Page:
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Edmonton Oilers' Jordan Eberle, centre, celebrates with teammates, left to right, Philip Larsen, Martin Marincin, and Sam Gagner, during third period NHL pre-season action against the Calgary Flames in Calgary, Alta., Saturday, Sept. 14, 2013. (CP)
Edmonton Oilers' Jordan Eberle, centre, celebrates with teammates, left to right, Philip Larsen, Martin Marincin, and Sam Gagner, during third period NHL pre-season action against the Calgary Flames in Calgary, Alta., Saturday, Sept. 14, 2013. (CP)

Duhatschek: Oilers are done maturing – time to start winning games Add to ...

Since arriving in the NHL full-time in 2010, Edmonton Oilers centre Jordan Eberle has heard about his team’s potential – a lot.

And how the Oilers slow-but-steady rebuilding blueprint, which involved absorbing a lot of short-term pain, would pay off in real long-term gains.

And how the young core would eventually mature and carry the team onwards and upwards, to perhaps rekindle memories of the dynasty days, when Edmonton dominated the NHL with a team that included a young Wayne Gretzky, Mark Messier and the rest.

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You know what?

Eberle is tired of hearing the talk. To paraphrase football coach George Allen, he believes the future is now.

“There comes a point where you kind of get sick and tired of hearing how good you’re going to be,” Eberle said in an interview. “You want to be that good. So we’ve put the rebuilding role – or whatever it’s been the last few years – behind us. We’re ready to be a good team.

“If you look at the depth of our team and the skill in this locker room, it’s exciting to see where the team could be at.”

Since the 2008-09 season, no NHL team has changed head coaches more frequently than the Oilers – from Craig MacTavish to Pat Quinn to Tom Renney to Ralph Kreuger and now to Dallas Eakins. Five coaches, all with different priorities and philosophies. It created for an interesting but forever changing dynamic.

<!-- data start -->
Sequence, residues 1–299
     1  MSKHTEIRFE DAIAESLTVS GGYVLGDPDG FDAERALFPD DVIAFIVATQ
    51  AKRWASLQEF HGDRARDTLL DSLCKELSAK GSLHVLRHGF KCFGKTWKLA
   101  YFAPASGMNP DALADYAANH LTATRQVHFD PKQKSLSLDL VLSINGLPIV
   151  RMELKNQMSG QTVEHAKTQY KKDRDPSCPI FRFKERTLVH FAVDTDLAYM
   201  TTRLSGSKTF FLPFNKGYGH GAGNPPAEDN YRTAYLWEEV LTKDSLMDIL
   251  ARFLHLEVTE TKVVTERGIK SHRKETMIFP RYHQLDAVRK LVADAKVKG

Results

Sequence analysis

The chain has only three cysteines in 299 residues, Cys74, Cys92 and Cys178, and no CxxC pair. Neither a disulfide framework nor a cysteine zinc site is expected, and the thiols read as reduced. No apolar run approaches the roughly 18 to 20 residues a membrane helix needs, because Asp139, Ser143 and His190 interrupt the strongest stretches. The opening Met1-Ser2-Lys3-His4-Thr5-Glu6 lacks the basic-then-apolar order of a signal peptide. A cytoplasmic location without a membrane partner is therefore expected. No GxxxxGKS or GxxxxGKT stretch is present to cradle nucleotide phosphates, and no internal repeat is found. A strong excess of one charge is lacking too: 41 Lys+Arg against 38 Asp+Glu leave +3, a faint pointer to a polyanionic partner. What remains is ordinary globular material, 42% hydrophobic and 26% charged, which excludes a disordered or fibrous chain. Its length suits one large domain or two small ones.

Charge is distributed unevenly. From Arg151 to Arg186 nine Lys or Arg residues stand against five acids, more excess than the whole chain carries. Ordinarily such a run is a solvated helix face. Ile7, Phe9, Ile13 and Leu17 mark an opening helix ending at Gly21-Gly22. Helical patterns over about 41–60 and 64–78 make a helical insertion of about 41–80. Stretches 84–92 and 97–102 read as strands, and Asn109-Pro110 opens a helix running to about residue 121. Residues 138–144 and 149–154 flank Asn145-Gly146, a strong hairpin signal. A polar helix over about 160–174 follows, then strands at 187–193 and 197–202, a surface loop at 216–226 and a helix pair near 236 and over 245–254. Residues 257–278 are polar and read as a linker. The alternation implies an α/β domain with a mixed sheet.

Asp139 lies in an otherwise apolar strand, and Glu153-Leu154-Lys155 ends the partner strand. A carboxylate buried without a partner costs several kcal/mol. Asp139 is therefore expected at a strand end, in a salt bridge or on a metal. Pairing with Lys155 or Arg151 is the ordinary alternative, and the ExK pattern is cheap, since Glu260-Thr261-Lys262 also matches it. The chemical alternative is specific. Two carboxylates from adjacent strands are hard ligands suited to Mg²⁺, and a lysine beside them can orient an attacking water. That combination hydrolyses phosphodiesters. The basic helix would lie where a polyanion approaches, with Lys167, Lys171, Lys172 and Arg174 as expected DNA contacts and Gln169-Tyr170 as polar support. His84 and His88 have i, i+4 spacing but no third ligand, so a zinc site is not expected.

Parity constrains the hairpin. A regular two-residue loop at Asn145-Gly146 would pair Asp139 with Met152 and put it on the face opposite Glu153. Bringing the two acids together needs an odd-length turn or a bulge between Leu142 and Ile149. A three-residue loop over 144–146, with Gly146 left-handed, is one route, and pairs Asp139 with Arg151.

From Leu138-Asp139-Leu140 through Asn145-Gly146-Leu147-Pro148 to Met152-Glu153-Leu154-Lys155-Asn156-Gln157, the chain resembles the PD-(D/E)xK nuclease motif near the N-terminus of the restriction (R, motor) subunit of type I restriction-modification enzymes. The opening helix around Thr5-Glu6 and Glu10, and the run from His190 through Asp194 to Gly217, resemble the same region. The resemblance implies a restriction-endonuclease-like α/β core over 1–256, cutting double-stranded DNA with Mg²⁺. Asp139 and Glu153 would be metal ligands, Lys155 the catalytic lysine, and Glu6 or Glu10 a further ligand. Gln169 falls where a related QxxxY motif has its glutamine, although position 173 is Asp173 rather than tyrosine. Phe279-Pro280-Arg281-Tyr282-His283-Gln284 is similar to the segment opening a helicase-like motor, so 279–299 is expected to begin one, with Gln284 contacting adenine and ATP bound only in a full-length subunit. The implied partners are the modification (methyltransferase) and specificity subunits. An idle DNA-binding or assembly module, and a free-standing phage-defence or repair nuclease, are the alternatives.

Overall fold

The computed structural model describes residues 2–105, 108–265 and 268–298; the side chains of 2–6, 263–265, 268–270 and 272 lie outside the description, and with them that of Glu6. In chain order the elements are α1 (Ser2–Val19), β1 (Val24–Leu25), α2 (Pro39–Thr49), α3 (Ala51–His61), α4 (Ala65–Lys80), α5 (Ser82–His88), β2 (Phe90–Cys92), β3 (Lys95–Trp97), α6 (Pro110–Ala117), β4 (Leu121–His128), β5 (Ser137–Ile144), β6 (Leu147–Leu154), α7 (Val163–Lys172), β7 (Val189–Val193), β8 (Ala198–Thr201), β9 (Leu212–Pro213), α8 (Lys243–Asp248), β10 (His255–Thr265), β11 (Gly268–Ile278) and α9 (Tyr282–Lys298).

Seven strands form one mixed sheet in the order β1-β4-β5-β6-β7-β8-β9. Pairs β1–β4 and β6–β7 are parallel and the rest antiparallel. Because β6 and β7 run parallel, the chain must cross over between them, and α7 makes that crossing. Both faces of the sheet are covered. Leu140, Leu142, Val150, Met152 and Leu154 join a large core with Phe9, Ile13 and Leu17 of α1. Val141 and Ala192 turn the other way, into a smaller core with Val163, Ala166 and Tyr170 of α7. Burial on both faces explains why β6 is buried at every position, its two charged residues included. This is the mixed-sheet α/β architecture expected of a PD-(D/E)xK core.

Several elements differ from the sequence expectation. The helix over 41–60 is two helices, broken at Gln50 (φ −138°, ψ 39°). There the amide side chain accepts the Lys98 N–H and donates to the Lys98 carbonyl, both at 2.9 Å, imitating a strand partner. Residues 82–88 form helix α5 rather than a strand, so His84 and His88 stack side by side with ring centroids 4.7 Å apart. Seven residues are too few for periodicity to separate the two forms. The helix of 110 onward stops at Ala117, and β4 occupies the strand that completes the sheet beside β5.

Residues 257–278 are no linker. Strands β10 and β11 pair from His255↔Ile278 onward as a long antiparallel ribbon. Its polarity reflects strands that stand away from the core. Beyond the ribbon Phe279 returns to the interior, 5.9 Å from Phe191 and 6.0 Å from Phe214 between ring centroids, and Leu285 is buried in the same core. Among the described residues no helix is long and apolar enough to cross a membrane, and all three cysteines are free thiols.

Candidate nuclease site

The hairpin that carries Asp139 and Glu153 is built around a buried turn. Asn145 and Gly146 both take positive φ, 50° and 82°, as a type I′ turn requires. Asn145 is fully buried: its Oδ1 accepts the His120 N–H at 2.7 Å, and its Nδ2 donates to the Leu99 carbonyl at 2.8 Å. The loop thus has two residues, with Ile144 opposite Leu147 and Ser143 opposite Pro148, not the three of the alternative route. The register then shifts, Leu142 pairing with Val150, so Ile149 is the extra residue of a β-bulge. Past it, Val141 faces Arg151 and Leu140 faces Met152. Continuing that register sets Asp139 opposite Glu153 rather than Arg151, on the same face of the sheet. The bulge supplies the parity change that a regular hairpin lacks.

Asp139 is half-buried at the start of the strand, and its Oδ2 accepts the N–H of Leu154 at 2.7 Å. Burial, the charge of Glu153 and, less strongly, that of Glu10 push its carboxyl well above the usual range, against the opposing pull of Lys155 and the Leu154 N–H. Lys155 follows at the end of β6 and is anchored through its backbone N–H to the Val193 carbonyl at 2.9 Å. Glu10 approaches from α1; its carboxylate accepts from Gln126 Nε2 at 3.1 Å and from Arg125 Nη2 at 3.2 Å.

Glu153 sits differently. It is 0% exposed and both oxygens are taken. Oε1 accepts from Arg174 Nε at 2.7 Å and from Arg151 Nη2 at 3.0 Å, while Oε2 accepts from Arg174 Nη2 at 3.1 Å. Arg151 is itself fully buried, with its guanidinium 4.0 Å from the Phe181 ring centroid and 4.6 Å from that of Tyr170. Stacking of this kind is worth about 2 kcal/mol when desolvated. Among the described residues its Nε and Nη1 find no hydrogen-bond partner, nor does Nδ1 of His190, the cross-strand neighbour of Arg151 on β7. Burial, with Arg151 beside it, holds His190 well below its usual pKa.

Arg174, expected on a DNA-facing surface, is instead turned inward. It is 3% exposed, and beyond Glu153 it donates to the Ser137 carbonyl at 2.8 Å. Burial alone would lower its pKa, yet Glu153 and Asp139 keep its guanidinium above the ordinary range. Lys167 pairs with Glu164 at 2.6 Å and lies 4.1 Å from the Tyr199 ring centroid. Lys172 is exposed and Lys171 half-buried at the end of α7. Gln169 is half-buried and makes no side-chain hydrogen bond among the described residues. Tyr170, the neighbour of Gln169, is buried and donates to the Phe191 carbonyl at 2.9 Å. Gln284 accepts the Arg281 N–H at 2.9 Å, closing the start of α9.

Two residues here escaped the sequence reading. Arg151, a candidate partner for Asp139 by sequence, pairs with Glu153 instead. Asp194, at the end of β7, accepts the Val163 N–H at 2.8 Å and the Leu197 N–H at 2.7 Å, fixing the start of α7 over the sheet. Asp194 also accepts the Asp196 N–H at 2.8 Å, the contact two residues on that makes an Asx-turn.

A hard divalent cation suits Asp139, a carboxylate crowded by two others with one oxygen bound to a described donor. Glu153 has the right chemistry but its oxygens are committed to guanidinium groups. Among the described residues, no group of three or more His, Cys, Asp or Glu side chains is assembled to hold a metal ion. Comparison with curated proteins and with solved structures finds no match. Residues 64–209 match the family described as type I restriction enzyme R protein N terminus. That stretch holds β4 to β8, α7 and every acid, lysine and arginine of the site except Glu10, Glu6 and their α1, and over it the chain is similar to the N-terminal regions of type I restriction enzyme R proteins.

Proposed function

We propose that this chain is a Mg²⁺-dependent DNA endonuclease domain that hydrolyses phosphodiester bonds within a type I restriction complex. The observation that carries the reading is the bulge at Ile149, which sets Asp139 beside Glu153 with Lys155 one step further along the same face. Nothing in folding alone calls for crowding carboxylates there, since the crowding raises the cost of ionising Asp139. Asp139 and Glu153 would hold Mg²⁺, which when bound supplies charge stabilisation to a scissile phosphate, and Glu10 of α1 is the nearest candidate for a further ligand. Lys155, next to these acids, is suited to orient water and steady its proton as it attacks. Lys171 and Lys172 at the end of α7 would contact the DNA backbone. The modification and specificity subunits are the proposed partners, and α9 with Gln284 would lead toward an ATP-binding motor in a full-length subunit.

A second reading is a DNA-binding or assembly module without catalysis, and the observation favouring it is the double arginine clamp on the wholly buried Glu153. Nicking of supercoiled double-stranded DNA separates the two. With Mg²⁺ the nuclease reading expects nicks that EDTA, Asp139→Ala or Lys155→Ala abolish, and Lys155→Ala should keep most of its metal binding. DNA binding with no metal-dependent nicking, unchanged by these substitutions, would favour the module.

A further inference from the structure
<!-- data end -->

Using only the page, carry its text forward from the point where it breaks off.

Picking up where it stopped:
The Oilers were rebuilding with youth – three No. 1-overall draft choices, all of whom played as teenagers in the NHL, which requires patience.

Centre Sam Gagner (sixth overall in 2007) was the first of the Oilers kiddie corps to arrive on the scene, in the 2007-08 season, when they kept him as an 18-year-old. He now has six NHL seasons under his belt and last season, on a points-per-game basis, had his best year, too. He finished second on the team in scoring to Taylor Hall (first overall in 2010) and played more per night – an average of 19 minutes and 24 seconds – than any other forward on the team.

In a perfect world, the Oilers slot in Gagner and Ryan Nugent-Hopkins (first overall in 2011) as their two top centres. Nugent-Hopkins, however, will miss the start of the season recovering from shoulder surgery, which may mean winger Hall temporarily relocates to centre until they get all hands on deck.

Hall had a genuine breakthrough last year – 50 points in 45 games played, good for ninth place in the NHL scoring race. Their leading goal-scorer was rookie Nail Yakupov (first overall in 2012), who managed 17, despite playing just over 14 minutes per night.

In his first NHL season, highly touted defenceman Justin Schultz put up a thoroughly respectable 27 points in 48 games but was a minus-17.

If anything, Gagner is even more tired of the losing than Eberle (22nd overall in 2008). He has 414 NHL regular-season games on his resumé but, so far, no playoff action.

“I think it’s a cop-out to say we’re a young team,” Gagner said. “It gives you an excuse to lose games – and you don’t want that excuse any more. I think we’re at a stage now where our core group has been in the league long enough that we can start to figure things out a little bit.

“We have a great group of experience around us. It’s important for us to continually push the envelope and get better. We’re excited about meeting those expectations this year and, hopefully, being a playoff team.”

This year, eight of 14 teams make the playoffs in the reworked Western Conference – and one of the spots occupied by the Detroit Red Wings for the past 22 years is now open, with Detroit moving to the East along with the Columbus Blue Jackets and only the Winnipeg Jets shifting to the West.

But Edmonton was still a full 10 points behind the Minnesota Wild, which landed the last playoff spot in the West in 2013 – so there is still work to be done.

“There are stages,” Eberle said. “As bad as it sounds, we’ve got some pretty good players out of [all the losing]. We’ve been able to insert young guys into the lineup earlier and they’ve got a lot of confidence that way.

“But I think you want to get to the point – and I think we’re here – where you want to start winning hockey games.”

@eduhatschek

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